Make a Safe Plan in Using Legal Fireworks This Year

Make a Safe Plan in Using Legal Fireworks This Year
Posted on 06/28/2018

By UFA Assistant Chief Mike Watson

Due to the wet spring, native grasses and bushes have grown at a phenomenal rate. These “ladder fuels” can spread fire to taller bushes and eventually trees. This increases the potential this year for fires within areas that interface with the city. Most of the tall grasses have cured and dried out, meaning the smallest of sparks can cause a devastating fire in our foothills, on our mountains and in undeveloped areas within the city.

Fires caused by fireworks are half of the potential problem. Injuries are common and in most cases are avoidable. According to the Consumer Product Safety Commission, the most-injured body parts caused by fireworks are: hands and fingers (36 percent), heads and faces (22 percent), and eyes (16 percent).

Please be responsible with the use of fireworks this summer. Take the time to make a safe plan for the use of legal fireworks and discuss fireworks safety with your children. Be sure to follow your plan if you use fireworks on the 4th and 24th of July. This year, legal fireworks can be used two days before, the day of and the day after each of these holidays.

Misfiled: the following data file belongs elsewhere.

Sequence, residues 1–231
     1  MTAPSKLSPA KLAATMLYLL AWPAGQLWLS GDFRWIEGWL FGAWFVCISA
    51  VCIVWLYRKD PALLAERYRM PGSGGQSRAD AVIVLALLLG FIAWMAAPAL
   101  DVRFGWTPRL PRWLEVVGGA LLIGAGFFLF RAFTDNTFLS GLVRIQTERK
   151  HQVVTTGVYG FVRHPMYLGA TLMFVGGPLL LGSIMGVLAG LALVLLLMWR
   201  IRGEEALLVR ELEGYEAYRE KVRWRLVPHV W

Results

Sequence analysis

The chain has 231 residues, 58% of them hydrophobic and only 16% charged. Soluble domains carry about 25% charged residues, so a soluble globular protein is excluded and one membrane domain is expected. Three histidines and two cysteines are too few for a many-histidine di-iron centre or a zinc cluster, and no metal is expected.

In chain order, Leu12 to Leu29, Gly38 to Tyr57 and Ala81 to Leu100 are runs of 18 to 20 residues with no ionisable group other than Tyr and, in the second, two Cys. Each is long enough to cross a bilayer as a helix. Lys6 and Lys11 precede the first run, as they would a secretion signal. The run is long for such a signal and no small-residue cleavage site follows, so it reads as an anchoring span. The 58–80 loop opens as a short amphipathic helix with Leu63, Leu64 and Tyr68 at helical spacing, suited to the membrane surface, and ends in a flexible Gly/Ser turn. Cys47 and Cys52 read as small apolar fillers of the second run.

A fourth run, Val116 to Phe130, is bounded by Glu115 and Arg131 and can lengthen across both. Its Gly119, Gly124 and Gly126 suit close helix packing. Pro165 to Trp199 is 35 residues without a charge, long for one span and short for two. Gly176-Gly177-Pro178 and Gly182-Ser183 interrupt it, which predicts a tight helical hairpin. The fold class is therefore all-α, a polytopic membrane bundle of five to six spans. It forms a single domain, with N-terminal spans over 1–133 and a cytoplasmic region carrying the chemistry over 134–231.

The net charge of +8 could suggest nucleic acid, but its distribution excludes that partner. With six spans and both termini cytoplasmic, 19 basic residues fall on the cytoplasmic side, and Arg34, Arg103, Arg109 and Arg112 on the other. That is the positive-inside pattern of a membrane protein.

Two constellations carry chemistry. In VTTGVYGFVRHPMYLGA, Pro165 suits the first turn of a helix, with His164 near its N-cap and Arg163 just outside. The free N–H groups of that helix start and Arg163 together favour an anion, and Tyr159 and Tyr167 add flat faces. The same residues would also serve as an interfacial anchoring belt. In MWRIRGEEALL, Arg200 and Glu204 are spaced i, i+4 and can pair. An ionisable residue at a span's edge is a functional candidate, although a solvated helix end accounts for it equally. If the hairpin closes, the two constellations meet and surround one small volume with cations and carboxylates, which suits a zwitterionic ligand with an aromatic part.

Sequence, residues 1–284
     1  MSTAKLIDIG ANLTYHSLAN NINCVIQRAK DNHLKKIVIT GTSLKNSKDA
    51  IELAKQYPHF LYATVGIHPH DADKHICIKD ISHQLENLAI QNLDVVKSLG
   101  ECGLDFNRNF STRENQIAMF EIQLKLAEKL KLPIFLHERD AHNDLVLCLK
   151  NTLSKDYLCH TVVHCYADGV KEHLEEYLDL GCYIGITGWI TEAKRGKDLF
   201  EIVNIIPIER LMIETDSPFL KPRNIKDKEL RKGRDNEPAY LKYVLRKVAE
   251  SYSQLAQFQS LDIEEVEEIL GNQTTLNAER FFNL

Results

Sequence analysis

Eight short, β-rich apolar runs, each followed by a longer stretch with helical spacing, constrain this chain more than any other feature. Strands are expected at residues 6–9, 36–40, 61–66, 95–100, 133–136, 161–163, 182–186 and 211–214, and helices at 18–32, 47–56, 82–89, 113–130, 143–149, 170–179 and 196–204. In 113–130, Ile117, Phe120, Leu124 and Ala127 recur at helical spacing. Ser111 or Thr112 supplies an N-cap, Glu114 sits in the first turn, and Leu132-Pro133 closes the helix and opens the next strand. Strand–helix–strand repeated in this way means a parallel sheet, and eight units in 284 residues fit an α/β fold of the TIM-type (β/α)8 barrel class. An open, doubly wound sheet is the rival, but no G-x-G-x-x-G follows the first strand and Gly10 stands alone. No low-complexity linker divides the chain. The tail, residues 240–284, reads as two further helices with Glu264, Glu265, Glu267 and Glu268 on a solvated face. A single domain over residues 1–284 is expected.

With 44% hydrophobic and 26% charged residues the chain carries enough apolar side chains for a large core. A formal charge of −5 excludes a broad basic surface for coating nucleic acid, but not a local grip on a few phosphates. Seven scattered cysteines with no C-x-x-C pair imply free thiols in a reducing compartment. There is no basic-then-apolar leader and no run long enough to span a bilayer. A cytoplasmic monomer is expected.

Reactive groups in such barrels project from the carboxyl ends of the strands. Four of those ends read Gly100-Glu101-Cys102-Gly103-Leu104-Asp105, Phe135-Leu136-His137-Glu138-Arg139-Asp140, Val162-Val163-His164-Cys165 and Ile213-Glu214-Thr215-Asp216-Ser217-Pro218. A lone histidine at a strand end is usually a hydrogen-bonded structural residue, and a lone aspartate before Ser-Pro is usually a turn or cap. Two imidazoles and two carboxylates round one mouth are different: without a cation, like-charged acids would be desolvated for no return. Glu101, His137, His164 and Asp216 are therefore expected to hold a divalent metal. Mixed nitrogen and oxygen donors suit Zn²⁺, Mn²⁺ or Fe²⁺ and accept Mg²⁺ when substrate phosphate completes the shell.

Cottonwood Heights has been very pro-active with fireworks ordinances. The reasons for these ordinances are three-fold: The first is safety for all of our residents. Fireworks are fun, but they are not worth personal injury. Second is the threat to the urban-interface areas within and to the east of our city. The cost of such fires can be phenomenal. The third reason for fireworks ordinances is to promote understanding of where in the city fireworks are allowed or banned and what types of fireworks are legal.

Check Unified Fire Authority’s website,, Salt Lake County’s website,, and the displayed maps at fireworks vendors’ locations to make sure fireworks are legal in your area before buying or using them. Let’s all do our part to prevent injuries and urban-interface fires this summer.

Thanks, and stay safe.